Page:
Friday, April 30, 2010

The New Irrational But Measured Self

Remember the good old days when economists thought that people maximized their utility in rational ways? Those knowing days were so pleasingly logical and elegant. Now, it seems that every day, there's new research showing how humans are ruled by irrationality. Books like "Predictably Irrational", "How We Decide" and "Sway: The Irresistable Pull of Irrational Behavior" have all hit the bestseller list in recent years.

Corporations, which supposedly have shareholders or the bottom line to keep us rational are also (predictably) irrational. According to a Level Playing Field Institute Report, "unfairness in the work place costs employers $64 billion on an annual basis, nearly equivalent to the 2006 combined revenues of Google, Goldman Sachs, and Starbucks." That seems pretty irrational.

This weekend's NYTimes magazine article on the Data-Driven Life describes individuals who have figured out a way to improve thier decision-making by recording the smallest details of thier daily life. For example, a man who wanted to decide whether to quit drinking coffee recorded precisely how much coffee he drank and how much he accomplished. The results were clear: coffee increased his productivity substantially. There's even a website for those that record the minutiae of their life called the "Quantified Self".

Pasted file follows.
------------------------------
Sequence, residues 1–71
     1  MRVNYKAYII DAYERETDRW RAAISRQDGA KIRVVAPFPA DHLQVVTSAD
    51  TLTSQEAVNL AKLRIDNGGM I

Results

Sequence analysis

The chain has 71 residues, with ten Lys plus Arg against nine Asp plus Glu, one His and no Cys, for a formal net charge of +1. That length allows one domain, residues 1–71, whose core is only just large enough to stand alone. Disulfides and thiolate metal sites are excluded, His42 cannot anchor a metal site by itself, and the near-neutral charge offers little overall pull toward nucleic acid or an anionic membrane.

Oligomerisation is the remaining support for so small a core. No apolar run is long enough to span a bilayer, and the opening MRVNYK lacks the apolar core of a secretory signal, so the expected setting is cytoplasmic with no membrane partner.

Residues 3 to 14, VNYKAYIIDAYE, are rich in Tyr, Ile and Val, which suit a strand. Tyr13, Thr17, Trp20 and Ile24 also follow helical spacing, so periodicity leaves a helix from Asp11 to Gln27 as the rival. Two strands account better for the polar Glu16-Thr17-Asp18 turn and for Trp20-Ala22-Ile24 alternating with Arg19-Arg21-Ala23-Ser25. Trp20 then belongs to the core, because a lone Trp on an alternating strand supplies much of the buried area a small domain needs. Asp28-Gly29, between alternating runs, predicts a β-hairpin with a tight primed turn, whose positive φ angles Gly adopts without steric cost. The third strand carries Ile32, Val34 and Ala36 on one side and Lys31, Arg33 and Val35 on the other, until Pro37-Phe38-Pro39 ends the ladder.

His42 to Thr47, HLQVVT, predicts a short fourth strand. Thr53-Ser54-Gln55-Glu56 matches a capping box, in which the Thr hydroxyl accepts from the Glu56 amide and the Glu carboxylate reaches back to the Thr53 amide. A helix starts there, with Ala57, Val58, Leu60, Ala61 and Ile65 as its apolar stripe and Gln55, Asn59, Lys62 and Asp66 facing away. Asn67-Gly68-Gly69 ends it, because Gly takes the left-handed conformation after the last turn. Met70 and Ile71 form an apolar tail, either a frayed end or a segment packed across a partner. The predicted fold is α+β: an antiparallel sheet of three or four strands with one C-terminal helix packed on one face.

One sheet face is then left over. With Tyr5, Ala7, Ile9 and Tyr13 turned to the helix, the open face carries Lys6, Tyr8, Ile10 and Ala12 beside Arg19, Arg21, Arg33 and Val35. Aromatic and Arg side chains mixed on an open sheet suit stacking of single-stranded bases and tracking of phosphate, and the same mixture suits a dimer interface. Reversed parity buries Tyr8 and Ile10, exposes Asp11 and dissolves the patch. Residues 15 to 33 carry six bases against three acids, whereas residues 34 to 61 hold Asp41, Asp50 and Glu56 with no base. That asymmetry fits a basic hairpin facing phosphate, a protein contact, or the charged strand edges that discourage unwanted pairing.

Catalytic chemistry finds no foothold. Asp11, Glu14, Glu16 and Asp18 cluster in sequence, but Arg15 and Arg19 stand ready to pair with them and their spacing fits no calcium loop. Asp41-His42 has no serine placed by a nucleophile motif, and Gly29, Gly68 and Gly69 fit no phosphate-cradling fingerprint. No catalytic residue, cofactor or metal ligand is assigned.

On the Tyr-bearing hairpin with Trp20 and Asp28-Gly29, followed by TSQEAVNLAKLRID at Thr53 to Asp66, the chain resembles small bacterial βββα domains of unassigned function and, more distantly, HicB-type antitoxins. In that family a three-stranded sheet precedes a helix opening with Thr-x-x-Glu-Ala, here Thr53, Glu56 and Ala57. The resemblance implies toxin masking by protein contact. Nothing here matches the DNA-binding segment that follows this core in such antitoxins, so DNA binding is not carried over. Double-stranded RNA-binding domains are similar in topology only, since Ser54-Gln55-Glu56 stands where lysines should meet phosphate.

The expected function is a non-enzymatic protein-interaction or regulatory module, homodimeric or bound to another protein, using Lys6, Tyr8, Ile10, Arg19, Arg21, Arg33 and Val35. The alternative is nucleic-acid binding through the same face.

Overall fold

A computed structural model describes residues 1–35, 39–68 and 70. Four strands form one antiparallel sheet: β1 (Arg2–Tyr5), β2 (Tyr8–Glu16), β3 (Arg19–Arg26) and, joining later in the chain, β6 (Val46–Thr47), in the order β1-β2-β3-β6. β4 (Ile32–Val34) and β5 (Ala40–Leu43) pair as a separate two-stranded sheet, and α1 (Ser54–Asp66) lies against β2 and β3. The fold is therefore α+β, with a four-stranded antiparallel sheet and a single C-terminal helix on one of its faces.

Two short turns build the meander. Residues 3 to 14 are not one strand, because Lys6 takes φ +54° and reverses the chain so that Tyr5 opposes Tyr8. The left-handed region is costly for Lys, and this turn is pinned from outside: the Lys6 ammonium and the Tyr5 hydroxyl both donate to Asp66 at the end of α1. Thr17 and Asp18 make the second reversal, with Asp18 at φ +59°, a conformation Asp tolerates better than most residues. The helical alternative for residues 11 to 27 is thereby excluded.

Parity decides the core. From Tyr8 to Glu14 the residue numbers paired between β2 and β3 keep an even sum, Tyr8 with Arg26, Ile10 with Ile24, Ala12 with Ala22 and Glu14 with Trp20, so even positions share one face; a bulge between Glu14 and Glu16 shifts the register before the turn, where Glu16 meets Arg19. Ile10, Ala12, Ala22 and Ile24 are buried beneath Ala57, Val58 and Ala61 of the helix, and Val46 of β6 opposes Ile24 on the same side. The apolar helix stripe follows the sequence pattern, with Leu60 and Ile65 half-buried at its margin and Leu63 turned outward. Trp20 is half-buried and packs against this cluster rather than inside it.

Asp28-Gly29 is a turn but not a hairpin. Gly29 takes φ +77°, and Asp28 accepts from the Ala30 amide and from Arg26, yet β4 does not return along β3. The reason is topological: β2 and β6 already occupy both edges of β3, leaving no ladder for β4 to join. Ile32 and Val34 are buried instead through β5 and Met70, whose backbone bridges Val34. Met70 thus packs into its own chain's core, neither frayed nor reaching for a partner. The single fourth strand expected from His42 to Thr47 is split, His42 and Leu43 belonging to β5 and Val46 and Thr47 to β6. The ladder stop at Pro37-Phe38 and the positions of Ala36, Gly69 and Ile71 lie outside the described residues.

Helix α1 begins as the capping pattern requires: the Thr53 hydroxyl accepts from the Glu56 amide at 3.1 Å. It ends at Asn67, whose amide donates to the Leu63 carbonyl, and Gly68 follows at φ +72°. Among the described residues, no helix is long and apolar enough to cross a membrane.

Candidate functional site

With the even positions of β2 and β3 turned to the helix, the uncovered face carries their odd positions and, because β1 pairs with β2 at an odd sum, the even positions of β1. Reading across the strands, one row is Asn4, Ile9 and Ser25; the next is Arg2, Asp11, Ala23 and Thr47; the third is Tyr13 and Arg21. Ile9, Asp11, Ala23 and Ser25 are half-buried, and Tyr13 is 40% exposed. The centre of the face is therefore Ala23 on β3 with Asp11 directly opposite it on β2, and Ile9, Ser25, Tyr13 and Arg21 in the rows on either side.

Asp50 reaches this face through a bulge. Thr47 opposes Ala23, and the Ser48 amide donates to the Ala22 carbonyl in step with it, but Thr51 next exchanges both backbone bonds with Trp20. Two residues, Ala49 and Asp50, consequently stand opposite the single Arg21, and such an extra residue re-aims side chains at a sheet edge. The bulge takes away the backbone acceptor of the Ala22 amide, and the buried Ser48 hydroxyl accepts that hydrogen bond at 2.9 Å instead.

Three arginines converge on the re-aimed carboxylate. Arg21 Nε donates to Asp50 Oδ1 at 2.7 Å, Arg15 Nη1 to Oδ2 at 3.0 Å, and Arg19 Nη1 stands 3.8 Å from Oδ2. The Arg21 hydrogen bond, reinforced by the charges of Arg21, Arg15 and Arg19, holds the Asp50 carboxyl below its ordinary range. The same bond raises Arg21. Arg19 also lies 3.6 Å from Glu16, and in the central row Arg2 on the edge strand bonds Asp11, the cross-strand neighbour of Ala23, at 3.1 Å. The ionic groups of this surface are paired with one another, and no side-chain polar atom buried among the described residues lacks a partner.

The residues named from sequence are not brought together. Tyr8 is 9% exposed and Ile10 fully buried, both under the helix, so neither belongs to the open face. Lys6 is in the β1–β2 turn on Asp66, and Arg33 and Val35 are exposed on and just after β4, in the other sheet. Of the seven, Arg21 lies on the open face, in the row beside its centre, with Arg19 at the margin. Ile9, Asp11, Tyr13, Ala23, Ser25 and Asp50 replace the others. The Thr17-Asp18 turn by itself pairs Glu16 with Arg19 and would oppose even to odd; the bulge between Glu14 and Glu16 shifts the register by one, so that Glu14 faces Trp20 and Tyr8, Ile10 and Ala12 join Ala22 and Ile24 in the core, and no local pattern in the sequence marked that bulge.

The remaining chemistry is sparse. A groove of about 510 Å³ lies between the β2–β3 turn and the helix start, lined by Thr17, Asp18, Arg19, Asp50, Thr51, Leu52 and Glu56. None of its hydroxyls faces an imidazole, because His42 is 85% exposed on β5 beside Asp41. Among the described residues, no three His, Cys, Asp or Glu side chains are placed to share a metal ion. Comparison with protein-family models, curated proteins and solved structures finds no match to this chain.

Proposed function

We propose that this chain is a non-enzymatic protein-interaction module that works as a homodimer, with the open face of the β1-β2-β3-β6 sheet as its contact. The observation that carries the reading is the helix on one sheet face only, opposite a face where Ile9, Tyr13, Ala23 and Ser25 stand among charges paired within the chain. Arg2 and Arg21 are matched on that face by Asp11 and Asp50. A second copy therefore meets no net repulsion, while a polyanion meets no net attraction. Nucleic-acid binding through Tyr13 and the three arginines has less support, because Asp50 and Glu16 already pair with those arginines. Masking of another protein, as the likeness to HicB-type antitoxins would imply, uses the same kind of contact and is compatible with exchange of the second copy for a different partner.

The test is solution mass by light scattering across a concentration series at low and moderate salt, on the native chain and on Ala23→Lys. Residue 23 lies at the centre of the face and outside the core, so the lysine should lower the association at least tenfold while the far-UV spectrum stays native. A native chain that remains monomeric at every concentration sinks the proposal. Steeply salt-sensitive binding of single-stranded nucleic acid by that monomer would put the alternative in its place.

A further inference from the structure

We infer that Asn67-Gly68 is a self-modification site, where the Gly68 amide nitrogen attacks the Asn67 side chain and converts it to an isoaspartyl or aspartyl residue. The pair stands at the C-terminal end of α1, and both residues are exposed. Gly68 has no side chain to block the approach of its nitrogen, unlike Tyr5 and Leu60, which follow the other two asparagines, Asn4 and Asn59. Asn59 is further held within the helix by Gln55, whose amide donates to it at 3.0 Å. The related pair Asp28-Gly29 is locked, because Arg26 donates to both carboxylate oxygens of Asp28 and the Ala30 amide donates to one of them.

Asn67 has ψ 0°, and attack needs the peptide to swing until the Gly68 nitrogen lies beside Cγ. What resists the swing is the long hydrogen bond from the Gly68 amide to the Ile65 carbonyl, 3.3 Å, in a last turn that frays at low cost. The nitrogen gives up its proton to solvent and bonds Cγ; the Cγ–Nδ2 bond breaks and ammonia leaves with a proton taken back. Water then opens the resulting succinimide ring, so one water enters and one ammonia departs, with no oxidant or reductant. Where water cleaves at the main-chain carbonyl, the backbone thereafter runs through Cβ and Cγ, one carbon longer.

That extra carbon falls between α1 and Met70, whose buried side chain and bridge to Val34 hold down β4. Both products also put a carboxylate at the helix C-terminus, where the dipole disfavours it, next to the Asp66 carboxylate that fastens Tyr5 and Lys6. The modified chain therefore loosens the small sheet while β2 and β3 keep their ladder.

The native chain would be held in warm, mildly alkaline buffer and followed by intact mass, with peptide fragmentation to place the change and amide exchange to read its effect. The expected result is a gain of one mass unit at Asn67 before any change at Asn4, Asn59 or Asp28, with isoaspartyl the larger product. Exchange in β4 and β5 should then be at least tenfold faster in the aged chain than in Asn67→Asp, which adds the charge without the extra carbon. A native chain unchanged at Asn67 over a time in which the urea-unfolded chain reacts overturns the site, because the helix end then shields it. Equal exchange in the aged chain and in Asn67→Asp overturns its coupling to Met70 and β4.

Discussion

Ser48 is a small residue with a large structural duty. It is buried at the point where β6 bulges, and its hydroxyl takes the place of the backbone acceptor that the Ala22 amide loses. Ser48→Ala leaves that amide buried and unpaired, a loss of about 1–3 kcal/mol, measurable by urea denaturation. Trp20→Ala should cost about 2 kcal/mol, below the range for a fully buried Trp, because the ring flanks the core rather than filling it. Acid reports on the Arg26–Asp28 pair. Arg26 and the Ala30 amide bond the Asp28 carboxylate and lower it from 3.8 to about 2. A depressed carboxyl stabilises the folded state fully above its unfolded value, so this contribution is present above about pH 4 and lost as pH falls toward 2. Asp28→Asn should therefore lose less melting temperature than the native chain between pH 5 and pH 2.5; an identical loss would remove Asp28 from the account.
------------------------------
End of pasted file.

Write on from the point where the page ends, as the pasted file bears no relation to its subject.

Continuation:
Since we can't turn back the clocks and believe that we are rational, we can at least seek to more clearly observe our irrationality and measure away the craziest parts.

Monday, April 26, 2010

Keeping Women in Top Jobs: Are We Closer Than We Think

An acquaintance told me that she'd left her top 10 law firm as a mid-level associate after she was told she shouldn't "plan on going to any wedding that isn't your own". I was struck by this remark being made at this point, a decade into all the efforts that tony law firms make to keep their female associates. The translation is clear: "To make it here, you have to be willing to sacrifice everything".

For a woman, not being able to show up at a close friend's wedding is practically an existential crisis. "If I can't value my friendships, who am I?" Women's relationships are important to them, not just on an "emotional" level, but on a molecular and neurological level. Brain science increasingly tells us that women's health suffers if their relationships are at risk - unlike men. While men also place high value on their friendships, their physical well-being is not at stake.

With the untethering that blackberries provide, there's limited utility in rigid rules that are more based on a hazing attitude than work requirements. When I mention this to my CEO friends, mostly, they say "as long as my attorney/investment banker is available or if they have a backup, I don't care where they are."

If we substitute an ethos of "super hard work" for "sacrifice your first born (somewhat literally)," top firms will be better able to attract and retain top women talent. And firms beware, with the Millenial generation, this applies to both men and women.